With Japan, the United States enjoys the closest relations in a generation. As the world’s two largest economies and aid donors, acting in concert multiplies each of our strengths and magnifies our combined contributions to global progress. Our shared commitment to democracy at home offers a sure foundation for cooperation abroad.

With Australia, our alliance is global in scope. From Iraq and Afghanistan to our historic FTA, we are working jointly to ensure security, prosperity, and expanded liberty.

With the ROK, we share a vision of a prosperous, democratic, and united Korean peninsula. We also share a commitment to democracy at home and progress abroad and are translating that common vision into joint action to sustain our alliance into the 21st century. With Southeast Asia, we celebrate the dynamism of increased economic freedom and look to further extend political freedom to all the people in the region, including those suffering under the repressive regime in Burma. In promoting greater economic and political liberty, we will work closely with our allies and key friends, including Indonesia, Malaysia, the Philippines, Singapore, and Thailand.

China encapsulates Asia’s dramatic economic successes, but China’s transition remains incomplete. In one generation, China has gone from poverty and isolation to growing integration into the international economic system. China once opposed global institutions; today it is a permanent member of the UNSC and the WTO. As China becomes a global player, it must act as a responsible stakeholder that fulfills its obligations and works with the United States and others to advance the international system that has enabled its success: enforcing the international rules that have helped China lift itself out of a century of economic deprivation, embracing the economic and political standards that go along with that system of rules, and contributing to international stability and security by working with the United States and other major powers.

China’s leaders proclaim that they have made a decision to walk the transformative path of peaceful development. If China keeps this commitment, the United States will welcome the emergence of a China that is peaceful and prosperous and that cooperates with us to address common challenges and mutual interests. China can make an important contribution to global prosperity and ensure its own prosperity for the longer term if it will rely more on domestic demand and less on global trade imbalances to drive its economic growth. China shares our exposure to the challenges of globalization and other transnational concerns. Mutual interests can guide our cooperation on issues such as terrorism, proliferation, and energy security. We will work to increase our cooperation to combat disease pandemics and reverse environmental degradation.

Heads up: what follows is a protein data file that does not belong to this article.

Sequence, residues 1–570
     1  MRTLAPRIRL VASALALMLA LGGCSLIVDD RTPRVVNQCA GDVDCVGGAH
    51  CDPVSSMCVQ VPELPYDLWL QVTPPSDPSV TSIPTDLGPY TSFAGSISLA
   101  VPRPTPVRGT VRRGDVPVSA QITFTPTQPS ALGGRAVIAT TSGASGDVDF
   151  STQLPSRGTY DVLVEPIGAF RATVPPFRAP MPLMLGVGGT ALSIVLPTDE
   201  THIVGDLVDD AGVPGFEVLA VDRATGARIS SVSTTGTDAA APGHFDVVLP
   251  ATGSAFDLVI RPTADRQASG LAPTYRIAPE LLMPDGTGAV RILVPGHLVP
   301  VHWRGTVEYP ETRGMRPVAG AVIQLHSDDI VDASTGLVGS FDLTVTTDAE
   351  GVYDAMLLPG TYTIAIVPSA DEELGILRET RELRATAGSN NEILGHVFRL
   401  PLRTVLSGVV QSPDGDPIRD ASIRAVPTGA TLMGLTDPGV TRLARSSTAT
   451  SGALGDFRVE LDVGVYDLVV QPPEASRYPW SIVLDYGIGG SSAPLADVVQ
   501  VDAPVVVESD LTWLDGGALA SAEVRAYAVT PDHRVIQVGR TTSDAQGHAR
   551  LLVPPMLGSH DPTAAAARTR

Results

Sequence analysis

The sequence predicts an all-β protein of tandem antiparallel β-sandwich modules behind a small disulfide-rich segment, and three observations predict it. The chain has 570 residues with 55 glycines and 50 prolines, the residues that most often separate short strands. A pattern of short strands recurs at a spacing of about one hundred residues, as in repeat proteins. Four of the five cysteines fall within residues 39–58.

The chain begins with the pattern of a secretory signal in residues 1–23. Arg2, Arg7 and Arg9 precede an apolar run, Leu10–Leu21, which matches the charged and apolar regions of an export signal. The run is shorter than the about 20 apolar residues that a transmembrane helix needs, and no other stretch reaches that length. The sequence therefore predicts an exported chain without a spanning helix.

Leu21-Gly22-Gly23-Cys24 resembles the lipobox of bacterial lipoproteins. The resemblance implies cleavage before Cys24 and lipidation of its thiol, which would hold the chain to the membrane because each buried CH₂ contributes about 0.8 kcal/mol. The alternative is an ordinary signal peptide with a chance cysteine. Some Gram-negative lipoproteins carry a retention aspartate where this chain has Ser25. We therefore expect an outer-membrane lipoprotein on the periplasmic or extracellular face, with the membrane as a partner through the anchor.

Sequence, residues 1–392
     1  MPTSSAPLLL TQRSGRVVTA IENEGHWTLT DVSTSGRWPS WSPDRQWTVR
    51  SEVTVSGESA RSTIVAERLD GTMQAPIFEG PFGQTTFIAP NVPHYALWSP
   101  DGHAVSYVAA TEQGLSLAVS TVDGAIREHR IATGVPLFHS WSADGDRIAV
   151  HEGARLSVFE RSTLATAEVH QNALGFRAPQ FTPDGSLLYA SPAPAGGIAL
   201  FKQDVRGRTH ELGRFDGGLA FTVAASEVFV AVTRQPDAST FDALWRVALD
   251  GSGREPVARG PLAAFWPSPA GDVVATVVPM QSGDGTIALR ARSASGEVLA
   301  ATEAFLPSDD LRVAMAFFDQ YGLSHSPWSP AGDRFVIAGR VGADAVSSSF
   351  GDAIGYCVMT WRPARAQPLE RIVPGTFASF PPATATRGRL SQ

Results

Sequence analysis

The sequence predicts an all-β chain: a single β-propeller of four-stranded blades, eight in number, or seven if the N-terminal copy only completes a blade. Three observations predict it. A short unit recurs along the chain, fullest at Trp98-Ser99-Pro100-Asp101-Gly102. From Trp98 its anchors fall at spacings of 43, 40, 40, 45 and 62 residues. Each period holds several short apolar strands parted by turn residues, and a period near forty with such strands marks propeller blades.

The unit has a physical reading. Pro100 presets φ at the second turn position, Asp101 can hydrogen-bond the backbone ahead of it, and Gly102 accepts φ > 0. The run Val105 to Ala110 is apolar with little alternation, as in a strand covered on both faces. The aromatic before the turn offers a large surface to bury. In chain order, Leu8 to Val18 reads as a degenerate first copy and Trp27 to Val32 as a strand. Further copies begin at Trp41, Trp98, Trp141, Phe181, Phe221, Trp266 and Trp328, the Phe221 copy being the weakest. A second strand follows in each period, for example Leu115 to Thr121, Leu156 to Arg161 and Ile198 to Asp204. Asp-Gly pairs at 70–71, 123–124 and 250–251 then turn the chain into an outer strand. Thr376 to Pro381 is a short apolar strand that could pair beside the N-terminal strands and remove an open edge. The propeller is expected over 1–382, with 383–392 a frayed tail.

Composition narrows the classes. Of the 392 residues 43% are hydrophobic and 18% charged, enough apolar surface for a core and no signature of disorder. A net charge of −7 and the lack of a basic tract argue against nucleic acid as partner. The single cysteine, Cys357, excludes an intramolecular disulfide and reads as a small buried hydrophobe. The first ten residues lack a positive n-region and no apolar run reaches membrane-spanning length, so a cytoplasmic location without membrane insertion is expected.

The United States encourages China to continue down the road of reform and openness, because in this way China’s leaders can meet the legitimate needs and aspirations of the Chinese people for liberty, stability, and prosperity. As economic growth continues, China will face a growing demand from its own people to follow the path of East Asia’s many modern democracies, adding political freedom to economic freedom. Continuing along this path will contribute to regional and international security.

China’s leaders must realize, however, that they cannot stay on this peaceful path while holding on to old ways of thinking and acting that exacerbate concerns throughout the region and the world. These old ways include:

  • Continuing China’s military expansion in a non-transparent way;
  • Expanding trade, but acting as if they can somehow “lock up” energy supplies around the world or seek to direct markets rather than opening them up – as if they can follow a mercantilism borrowed from a discredited era; and
  • Supporting resource-rich countries without regard to the misrule at home or misbehavior abroad of those regimes.

China and Taiwan must also resolve their differences peacefully, without coercion and without unilateral action by either China or Taiwan.

Ultimately, China’s leaders must see that they cannot let their population increasingly experience the freedoms to buy, sell, and produce, while denying them the rights to assemble, speak, and worship. Only by allowing the Chinese people to enjoy these basic freedoms and universal rights can China honor its own constitution and international commitments and reach its full potential. Our strategy seeks to encourage China to make the right strategic choices for its people, while we hedge against other possibilities.